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Thursday, March 16, 2006

Blog Summit to be Live Blogged

Waukesha - Wisconsin area bloggers have apparently entered an introspective stage in the lead up to the first annual Blog Summit to be held here in Waukesha this weekend. There has been a notable uptick in blog posts related to the subject of blogging ever since the Summit was announced.

The bloated ranks of speakers and panelists continues to hemorrhage as several bloggers blogged about their feelings on the diversity of the individuals on the agenda. With blogs bringing about a semi-public status to certain individuals and giving them a feeling of credibility and even celebrity, they are now eager to scratch this itch with a more traditional public forum.

Not willing to shirk their ideas, however, several blogs have pledged to live blog the Blog Summit. Right off the Shore came out first, promising to offer comments throughout the day. Letters in Bottles upped the ante, promising a live blog with no more than 10 minutes between posts. While Owen from Boots & Sabers is on the panel, Jed will be live blogging to Boots & Sabers from the audience.

The Recess Supervisor was excited saying, "The live blogging will probably be much more interesting than anything anyone has to say. These people are blogging for a reason; I can't imagine they'll be very good at public speaking."

Dennis York thinks it will be quite useful for anything Jessica McBride has to say. McBride has noted that she is going to stay the course of her blog, not allowing for any questions or comments to her remarks. Instead, it will be left to the live bloggers to offer feedback, which McBride will be reading with her laptop while on the panel, then allowing her to respond in person in real-time to anything any of the live bloggers have said.

Jeff Mayers from WisPolitics has expressed some concern over the trend. "I am worried that everyone might resort to reading and posting to their blogs while we cease any and all conversation. The only difference between any other day and our blogging would be the fact that we'll be sitting in the same room."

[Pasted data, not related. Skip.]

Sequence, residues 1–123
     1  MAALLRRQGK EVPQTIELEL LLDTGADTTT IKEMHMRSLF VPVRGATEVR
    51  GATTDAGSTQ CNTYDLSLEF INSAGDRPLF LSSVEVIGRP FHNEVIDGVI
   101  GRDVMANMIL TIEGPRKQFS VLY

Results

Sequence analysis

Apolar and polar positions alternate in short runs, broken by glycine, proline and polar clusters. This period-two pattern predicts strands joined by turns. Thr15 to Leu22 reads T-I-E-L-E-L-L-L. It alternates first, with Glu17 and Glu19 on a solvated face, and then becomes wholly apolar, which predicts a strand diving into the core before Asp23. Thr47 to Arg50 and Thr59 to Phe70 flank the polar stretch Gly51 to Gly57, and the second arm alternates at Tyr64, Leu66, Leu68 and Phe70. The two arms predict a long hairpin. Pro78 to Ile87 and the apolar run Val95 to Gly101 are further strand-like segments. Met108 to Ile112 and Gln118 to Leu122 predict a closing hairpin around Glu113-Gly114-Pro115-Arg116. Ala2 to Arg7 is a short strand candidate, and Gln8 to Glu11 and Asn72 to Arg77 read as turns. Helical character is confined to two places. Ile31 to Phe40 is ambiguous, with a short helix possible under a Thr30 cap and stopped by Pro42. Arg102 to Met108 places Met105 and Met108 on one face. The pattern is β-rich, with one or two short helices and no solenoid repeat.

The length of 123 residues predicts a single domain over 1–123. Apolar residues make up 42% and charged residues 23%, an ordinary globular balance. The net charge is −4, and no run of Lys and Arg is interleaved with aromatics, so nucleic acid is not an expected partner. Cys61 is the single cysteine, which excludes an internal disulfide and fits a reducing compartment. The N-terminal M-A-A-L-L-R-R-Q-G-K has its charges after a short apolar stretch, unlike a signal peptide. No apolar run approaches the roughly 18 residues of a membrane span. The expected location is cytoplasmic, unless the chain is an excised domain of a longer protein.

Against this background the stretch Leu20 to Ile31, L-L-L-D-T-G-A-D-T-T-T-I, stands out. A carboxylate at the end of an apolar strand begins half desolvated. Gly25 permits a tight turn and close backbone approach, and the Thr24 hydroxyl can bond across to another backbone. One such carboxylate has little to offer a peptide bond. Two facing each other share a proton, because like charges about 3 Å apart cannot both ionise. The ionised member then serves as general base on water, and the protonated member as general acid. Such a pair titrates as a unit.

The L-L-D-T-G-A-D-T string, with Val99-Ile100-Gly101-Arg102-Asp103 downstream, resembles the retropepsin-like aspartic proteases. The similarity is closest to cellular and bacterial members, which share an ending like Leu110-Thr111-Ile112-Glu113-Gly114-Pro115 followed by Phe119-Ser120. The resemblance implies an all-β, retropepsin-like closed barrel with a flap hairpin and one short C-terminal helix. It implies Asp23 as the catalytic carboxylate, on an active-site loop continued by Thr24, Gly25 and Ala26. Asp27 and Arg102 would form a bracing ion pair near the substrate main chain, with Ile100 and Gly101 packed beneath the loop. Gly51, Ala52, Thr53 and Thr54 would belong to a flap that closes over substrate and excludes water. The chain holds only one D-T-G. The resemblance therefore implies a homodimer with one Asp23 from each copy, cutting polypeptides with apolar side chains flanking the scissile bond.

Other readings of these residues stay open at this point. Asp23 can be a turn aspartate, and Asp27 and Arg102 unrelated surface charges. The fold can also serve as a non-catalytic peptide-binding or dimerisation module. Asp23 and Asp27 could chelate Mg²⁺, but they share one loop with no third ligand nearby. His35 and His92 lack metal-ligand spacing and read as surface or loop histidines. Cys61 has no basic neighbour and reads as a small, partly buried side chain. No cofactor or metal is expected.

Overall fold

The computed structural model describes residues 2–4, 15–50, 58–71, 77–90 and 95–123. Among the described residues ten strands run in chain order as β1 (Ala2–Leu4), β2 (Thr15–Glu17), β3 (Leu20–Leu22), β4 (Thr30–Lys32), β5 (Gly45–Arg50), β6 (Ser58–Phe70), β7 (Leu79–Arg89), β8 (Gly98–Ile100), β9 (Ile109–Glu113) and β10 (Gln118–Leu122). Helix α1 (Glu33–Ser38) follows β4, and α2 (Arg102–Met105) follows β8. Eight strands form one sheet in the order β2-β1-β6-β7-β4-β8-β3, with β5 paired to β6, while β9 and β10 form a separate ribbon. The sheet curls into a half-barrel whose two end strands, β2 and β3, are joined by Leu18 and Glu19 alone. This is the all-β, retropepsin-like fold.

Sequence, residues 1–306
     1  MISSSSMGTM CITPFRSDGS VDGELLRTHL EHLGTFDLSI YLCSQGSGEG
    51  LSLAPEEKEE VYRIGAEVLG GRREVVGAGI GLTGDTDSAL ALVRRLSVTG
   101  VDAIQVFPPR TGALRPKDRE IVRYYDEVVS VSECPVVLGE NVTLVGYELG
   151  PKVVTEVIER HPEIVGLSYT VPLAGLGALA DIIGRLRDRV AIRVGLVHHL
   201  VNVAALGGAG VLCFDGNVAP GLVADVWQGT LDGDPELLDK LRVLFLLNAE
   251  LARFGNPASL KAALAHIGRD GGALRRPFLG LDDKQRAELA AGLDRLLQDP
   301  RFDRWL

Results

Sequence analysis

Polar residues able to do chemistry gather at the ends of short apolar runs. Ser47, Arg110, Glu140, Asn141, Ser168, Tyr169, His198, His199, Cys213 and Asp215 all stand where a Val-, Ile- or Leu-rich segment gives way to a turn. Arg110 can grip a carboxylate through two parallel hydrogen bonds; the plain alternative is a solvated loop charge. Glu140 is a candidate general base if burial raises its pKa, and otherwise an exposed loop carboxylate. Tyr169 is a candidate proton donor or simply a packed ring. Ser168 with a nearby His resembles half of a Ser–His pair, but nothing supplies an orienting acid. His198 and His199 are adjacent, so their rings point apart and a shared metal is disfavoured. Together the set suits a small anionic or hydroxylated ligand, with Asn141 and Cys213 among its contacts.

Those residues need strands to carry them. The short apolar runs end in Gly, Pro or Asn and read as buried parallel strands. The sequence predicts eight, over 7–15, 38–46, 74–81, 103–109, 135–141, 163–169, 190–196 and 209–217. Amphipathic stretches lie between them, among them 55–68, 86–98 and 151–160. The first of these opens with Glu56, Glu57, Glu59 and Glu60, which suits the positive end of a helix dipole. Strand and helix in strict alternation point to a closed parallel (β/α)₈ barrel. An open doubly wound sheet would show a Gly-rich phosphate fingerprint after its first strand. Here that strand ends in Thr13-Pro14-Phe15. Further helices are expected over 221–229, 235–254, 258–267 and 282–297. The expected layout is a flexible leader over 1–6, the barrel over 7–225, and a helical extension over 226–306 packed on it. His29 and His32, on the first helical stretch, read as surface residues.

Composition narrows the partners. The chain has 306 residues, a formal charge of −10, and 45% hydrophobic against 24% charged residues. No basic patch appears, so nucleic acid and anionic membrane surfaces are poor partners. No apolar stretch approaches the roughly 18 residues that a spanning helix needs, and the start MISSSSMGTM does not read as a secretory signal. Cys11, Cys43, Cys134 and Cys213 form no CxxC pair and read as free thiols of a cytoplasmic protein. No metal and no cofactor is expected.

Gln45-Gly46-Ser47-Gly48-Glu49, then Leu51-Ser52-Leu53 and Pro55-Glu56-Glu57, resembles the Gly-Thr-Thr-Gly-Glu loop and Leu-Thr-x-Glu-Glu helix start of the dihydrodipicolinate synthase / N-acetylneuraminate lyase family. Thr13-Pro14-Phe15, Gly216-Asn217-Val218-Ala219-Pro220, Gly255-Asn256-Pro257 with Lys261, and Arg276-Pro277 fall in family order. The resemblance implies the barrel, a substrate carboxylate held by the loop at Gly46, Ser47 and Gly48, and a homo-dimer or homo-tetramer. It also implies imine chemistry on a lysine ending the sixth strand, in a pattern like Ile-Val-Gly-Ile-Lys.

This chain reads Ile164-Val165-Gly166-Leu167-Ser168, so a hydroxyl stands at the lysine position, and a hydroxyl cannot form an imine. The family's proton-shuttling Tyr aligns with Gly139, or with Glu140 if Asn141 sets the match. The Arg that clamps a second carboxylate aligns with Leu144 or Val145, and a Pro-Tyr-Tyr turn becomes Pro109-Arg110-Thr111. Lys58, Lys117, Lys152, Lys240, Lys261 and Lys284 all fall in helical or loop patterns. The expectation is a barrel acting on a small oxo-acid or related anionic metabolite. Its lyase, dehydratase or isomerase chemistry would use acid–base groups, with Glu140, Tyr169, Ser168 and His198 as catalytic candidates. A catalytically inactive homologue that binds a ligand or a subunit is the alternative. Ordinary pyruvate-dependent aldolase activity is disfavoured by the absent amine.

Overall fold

State Representative Mark Pocan will likely provide the first fluke of the event, quickly approaching Elliot Stearns and asking him if he's seen Murderball under the assumption that he is a liberal.

Some have expressed disappointment in the event due to some notable absences. Ragnar Mentaire has said he won't attend due to Bill Christofferson's vacation. "I was hoping to see Bill and Sykes duke it out a la Al Franken and Bill O'Reilly at that one panel discussion, but with Bill out of town I just don't see any reason to attend."

Others have said that it was a poor excuse for Ragnar and that he just didn't want to give away his identity. And while the Recess Supervisor has expressed interest, other anonymous bloggers like Max Power are not planning to attend.

This has lead to some minor outcries, with accusations that anonymous bloggers are hiding something and are not credible bloggers. Power responded saying, "if anyone wants to question my credibility I would simply refer them to my post on Government Choice as a sample of my infallible and hard-hitting blog. Besides, most of us already know the identity of many of these anonymous bloggers."

The first of its kind in Wisconsin, no one really knows how this is going to go off in the end. In the meantime, Max Power is urging people to stay tuned to his blog, where he will be live blogging about the live blogging at the Blog Summit. "I hope to bring to the people a bloggers perspective on the bloggers perspective on the Summit."

Until the Summit, one can only expect a continued uptick in the number of blogs inanely blogging about blogging and the blog summit.